My dream career in the satellite industry started in March of 1980 at Satellite Communications magazine. In 1980 the industry was in the very early stages of development. Everyone knew that there was a future for the first commercial industry in space, but no one was exactly clear on what applications of the technology would be commercially viable. We all believed in Arthur C. Clarke’s vision but creating successful business ventures was a problem.
The Early 1980s
At trade shows there was always the same group of professionals that were interested in finding viable satellite applications. We were from various different professions that hadn’t necessarily worked together in the past.
The users of the technology were in cable television, broadcasting and general telecommunications (the internet wasn’t even invented yet). The providers of the technology were building and operating commercial communications satellites and launching them into space. Our market included everyone from the individual viewer of television programming to NASA and the builders of launch vehicles. We were an interesting mix.
It was from this group that the Society of Satellite Professionals International (SSPI) developed. We would pick a night at the trade shows to get together and compare notes and would go long into the evening over dinner and drinks. We were young and excited about the opportunities we saw and the camaraderie that we experienced. Anyone who didn’t make the meetings was subject to being elected “Chairman of the Bored” and would have to organize the next gathering.
While pursuing a Master of Arts degree at the University of Denver in the mid-1970s, the application that most struck my fancy was Direct Broadcast Satellites (DBS). The idea of a satellite dish on every home in America to receive programming was intriguing. In the process of preparing my thesis on DBS I wrote letters to the various VPs of technology at the broadcast networks to get their assessment of DBS' prospects. Remember, there was no internet at the time.
The responses in their letters were that “DBS would not be viable in the United States.” They postulated that, “the broadcast networks infrastructure was too well established for a competing technology to break into the market. Perhaps in developing nations, but with four networks with a very large penetration of the marketplace, who would want more?” History has proven them wrong.
Cable TV was the first real driver of video programming via satellite. HBO was the first major programmer to make the move. They had been bicycling tapes between the various head-ends when they pioneered the distribution of video programming via satellite.
In the 1970s, it was technically necessary and required by the U.S. Federal Communications Commission (FCC) for Television Receive-Only (TVRO) antennas to be at least 9 meters in aperture. That was reduced to 4.5 meters and in 1979 the size of a receive antenna was deregulated. This allowed for technological innovators to use smaller and smaller size antennas and lower temperature Low-Noise Amplifiers (LNAs) to be able to receive satellite signals.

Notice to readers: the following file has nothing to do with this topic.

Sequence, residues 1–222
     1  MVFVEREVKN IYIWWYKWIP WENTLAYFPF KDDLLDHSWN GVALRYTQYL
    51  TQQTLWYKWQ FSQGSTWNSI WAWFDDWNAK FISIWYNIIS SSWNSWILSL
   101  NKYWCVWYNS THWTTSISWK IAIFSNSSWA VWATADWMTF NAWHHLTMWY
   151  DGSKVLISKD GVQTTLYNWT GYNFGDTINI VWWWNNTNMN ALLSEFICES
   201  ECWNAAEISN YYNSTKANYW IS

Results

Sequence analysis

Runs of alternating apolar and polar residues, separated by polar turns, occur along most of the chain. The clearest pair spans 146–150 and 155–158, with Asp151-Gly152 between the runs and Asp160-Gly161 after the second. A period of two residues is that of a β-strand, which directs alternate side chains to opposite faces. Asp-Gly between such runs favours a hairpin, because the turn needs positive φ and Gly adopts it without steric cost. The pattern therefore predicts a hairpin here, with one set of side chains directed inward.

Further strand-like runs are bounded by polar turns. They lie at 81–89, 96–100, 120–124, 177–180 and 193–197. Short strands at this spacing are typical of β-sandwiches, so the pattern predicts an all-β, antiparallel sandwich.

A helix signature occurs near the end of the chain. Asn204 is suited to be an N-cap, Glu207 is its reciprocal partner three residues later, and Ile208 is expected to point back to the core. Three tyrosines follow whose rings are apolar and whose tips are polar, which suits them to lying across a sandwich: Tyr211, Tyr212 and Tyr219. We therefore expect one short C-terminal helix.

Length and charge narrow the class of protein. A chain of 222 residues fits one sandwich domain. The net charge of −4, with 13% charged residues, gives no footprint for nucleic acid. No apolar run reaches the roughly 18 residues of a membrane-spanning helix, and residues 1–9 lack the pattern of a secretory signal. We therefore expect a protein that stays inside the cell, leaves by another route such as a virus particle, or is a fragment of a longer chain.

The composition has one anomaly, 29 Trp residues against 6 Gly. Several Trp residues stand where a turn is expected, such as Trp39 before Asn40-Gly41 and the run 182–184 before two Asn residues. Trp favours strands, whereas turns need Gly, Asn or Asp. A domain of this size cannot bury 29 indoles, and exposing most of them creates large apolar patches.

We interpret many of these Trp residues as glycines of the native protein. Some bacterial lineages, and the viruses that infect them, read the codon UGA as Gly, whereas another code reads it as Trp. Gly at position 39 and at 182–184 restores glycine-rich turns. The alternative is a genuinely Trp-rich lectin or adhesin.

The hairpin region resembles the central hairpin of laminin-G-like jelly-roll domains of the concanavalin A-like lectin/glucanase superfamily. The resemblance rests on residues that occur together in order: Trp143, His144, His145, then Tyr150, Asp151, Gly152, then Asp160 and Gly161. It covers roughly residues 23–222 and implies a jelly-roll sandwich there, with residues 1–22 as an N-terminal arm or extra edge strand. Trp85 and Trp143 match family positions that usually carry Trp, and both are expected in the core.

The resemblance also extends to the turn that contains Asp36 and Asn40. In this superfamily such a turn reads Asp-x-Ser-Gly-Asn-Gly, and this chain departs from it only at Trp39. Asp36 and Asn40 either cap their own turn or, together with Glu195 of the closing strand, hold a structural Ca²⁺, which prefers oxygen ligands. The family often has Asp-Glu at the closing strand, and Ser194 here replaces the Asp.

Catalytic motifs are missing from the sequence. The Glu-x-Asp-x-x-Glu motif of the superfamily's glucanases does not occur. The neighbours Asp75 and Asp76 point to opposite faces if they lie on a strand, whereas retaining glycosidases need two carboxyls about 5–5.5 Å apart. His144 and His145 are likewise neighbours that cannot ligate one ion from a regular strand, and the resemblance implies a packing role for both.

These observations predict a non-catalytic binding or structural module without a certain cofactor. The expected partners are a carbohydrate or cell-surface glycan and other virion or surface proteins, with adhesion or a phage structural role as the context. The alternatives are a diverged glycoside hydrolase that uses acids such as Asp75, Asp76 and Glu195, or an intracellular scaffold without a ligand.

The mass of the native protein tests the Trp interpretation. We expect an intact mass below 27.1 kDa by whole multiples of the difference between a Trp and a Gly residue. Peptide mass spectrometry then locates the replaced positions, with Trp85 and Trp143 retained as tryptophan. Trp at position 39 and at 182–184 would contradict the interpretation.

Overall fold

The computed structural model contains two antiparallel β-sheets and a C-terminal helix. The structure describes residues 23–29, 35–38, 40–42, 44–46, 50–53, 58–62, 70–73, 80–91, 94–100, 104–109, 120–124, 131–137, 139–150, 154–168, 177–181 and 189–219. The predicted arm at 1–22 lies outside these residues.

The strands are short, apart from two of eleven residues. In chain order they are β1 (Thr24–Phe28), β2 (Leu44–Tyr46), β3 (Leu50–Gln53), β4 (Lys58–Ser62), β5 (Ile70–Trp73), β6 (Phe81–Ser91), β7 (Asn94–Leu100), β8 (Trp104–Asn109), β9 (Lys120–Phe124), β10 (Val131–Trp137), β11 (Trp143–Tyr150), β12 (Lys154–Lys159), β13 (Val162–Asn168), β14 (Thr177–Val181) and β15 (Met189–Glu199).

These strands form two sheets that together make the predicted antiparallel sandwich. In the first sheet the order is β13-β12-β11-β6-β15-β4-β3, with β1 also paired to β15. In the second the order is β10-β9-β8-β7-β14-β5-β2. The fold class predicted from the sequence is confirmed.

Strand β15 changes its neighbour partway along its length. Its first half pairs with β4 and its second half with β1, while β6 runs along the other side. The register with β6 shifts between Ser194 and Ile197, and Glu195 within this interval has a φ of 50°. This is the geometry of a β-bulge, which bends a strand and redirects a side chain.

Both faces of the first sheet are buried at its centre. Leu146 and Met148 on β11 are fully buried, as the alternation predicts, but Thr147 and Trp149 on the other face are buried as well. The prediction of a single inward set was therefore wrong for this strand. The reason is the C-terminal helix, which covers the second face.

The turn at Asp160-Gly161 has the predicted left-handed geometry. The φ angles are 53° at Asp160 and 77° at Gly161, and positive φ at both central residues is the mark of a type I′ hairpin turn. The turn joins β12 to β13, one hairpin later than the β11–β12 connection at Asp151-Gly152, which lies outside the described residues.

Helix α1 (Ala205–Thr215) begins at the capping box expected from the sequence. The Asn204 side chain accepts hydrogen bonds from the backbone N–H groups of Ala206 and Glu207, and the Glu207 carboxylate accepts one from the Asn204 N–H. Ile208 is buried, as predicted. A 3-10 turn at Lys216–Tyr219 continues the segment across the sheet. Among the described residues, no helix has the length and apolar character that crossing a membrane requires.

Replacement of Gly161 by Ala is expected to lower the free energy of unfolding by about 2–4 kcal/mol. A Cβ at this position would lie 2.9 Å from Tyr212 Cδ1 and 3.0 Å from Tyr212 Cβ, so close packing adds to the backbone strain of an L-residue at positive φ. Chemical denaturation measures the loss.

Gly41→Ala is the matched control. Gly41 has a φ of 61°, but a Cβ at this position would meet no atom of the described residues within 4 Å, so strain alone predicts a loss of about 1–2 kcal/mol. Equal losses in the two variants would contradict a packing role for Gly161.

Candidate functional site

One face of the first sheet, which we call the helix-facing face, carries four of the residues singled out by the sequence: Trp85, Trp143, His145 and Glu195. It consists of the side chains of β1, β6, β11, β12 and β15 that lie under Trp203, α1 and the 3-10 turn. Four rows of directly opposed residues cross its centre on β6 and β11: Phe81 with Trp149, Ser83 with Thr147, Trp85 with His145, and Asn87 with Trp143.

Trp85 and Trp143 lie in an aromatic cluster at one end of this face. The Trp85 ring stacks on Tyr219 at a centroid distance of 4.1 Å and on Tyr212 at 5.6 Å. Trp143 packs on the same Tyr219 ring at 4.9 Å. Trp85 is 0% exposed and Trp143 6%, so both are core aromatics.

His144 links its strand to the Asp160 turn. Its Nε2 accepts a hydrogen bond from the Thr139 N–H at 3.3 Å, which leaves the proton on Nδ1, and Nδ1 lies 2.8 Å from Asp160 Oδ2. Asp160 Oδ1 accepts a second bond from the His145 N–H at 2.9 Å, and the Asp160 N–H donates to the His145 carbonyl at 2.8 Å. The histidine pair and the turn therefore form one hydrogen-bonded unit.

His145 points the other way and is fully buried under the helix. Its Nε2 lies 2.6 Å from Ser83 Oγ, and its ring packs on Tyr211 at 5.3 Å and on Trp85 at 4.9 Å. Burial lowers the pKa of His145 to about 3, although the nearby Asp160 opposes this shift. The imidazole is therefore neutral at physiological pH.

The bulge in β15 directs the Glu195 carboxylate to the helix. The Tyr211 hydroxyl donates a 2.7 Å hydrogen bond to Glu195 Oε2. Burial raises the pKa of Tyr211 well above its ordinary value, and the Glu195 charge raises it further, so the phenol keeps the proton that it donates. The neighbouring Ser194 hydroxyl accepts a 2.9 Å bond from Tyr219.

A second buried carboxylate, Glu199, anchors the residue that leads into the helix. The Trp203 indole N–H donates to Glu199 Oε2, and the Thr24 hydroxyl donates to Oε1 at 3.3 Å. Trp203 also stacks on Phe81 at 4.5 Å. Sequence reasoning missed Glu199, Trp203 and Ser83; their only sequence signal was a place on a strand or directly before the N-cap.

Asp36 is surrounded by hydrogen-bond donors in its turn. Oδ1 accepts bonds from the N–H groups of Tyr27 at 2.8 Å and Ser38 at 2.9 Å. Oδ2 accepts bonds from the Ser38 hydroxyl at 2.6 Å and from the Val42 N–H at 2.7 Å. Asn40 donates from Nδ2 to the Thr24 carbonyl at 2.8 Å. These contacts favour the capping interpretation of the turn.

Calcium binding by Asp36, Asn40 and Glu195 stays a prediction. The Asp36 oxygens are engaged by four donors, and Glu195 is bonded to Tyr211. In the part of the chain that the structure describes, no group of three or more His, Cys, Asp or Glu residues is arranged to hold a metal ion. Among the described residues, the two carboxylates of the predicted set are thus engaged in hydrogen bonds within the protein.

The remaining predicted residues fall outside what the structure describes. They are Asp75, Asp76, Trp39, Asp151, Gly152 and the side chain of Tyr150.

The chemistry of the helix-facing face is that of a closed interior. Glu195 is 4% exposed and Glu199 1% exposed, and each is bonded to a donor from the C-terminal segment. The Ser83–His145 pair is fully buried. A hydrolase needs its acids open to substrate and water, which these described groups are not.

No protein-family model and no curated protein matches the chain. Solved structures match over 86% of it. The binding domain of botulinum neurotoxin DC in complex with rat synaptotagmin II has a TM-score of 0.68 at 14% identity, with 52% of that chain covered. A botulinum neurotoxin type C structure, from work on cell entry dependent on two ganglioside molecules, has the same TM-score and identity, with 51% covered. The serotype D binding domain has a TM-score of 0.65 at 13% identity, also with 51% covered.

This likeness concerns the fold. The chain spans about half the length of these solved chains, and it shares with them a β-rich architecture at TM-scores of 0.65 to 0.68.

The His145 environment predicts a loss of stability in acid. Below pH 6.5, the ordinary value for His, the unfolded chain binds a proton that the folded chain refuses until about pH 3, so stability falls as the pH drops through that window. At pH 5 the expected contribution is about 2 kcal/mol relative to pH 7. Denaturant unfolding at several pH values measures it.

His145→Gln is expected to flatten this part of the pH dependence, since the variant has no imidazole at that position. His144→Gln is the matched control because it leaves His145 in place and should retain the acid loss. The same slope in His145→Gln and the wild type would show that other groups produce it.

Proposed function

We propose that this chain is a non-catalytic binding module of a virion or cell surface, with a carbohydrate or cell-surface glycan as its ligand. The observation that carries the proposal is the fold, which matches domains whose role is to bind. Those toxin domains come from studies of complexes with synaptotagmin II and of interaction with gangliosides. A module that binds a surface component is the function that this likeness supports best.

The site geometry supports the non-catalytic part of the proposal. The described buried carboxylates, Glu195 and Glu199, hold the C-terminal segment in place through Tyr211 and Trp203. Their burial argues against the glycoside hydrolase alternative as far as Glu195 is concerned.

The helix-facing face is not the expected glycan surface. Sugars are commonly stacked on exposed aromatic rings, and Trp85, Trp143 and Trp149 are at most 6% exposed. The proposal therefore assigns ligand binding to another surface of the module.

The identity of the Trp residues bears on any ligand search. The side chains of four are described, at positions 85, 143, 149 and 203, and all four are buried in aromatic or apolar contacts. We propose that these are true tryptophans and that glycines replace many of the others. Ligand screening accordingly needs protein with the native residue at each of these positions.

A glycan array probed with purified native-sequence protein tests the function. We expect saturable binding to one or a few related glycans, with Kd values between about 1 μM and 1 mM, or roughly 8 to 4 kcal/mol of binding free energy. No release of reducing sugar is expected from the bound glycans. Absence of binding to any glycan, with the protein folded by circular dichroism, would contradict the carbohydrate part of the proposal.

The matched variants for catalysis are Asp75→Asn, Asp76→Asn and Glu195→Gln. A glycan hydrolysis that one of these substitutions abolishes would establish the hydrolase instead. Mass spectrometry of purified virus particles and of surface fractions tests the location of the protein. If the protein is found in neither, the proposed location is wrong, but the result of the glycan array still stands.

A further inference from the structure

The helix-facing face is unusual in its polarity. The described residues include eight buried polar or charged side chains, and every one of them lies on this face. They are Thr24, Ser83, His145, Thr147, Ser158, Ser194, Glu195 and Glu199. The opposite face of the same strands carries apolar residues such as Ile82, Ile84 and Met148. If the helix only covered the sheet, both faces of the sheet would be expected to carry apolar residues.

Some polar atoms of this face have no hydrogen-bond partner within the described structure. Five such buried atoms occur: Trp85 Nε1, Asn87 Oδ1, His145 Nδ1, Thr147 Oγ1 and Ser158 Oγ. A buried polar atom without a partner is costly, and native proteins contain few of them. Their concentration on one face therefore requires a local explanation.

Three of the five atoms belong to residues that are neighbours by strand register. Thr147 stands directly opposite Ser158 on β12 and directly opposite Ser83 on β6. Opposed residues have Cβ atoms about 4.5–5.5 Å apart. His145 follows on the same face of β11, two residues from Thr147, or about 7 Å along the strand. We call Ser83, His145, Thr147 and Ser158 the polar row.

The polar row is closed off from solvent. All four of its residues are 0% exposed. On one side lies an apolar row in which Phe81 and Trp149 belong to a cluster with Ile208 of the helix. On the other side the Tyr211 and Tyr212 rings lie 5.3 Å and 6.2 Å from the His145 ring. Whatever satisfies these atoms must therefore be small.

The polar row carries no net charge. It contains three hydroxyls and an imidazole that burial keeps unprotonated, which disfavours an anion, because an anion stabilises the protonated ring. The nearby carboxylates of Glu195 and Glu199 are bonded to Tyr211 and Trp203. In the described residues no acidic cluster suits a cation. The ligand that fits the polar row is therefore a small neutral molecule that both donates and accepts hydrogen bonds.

One of the features of the trade shows at that time was a parking lot full of antennas of all sizes. At great expense, complete uplinks were erected for a three- or four-day event. When the small TVROs were first exhibited, technicians would put their hand in front of the antenna’s feed to see if it interrupted the signal. They were sure that the vendor was playing a tape under the counter.
In the mid 1980s the TVRO industry began to boom, with 8- and 10-foot antennas appearing outside homes across the U.S., especially in rural areas. People enjoyed the wide array of cable TV and backhaul programming available, watching Johnny Carson being fed live and seeing the shenanigans during the breaks.
Copyrights were at stake and HBO was forced to encrypt their signal. This was quite a controversy at the time with some saying that, since NASA had developed the technology on the taxpayers' dime, the programming should be free. The owners of the copyrights however disagreed. Early encryption technologies were defeated, but eventually HBO made the cost of defeating the encryption greater than that of just paying for the programming and won the battle.
One predecessor of today’s DBS systems was Primestar, which was owned by a consortium of cable companies. The system used a medium-powered Ku-band satellite to delivered 10 channels. They saw it only as a supplement to cable to reach viewers in rural areas outside cable coverage. They did not succeed and the failure of Satellite Television Corporation’s DBS project didn’t bode well for DBS’ future.
It took Hughes moving forward with DirecTV to get DBS off the ground. Charlie Ergen and DISH Network soon followed. Today both systems are successful reaching tens of millions of homes.
Long Distance Failure
One application that didn’t pan out was the use of satellites for long distance telephone calls. Satellite Business Systems (SBS) tried to sell cheap long distance service via satellite but the delay inherent in satellite transmission proved to make conversations impossible.
Too Many to Thank
There are so many people that I have to thank for help in getting Via Satellite launched and more throughout my career. The list of people would be too long to mention here and many are no longer with us; but thanks to all who participated and supported Via Satellite in the early years. One final example that stands out is that in the early days we didn’t have a large travel budget so I tried to stay at friend’s homes when on the road to save money. We had to be at all the events, but could barely afford the airfare. Special thanks to Scott and Lynn Chase for the several times that I stayed with them while the magazine was at PPI. When I left the magazine to pursue other ventures I knew that Via Satellite was in good hands with Scott. VS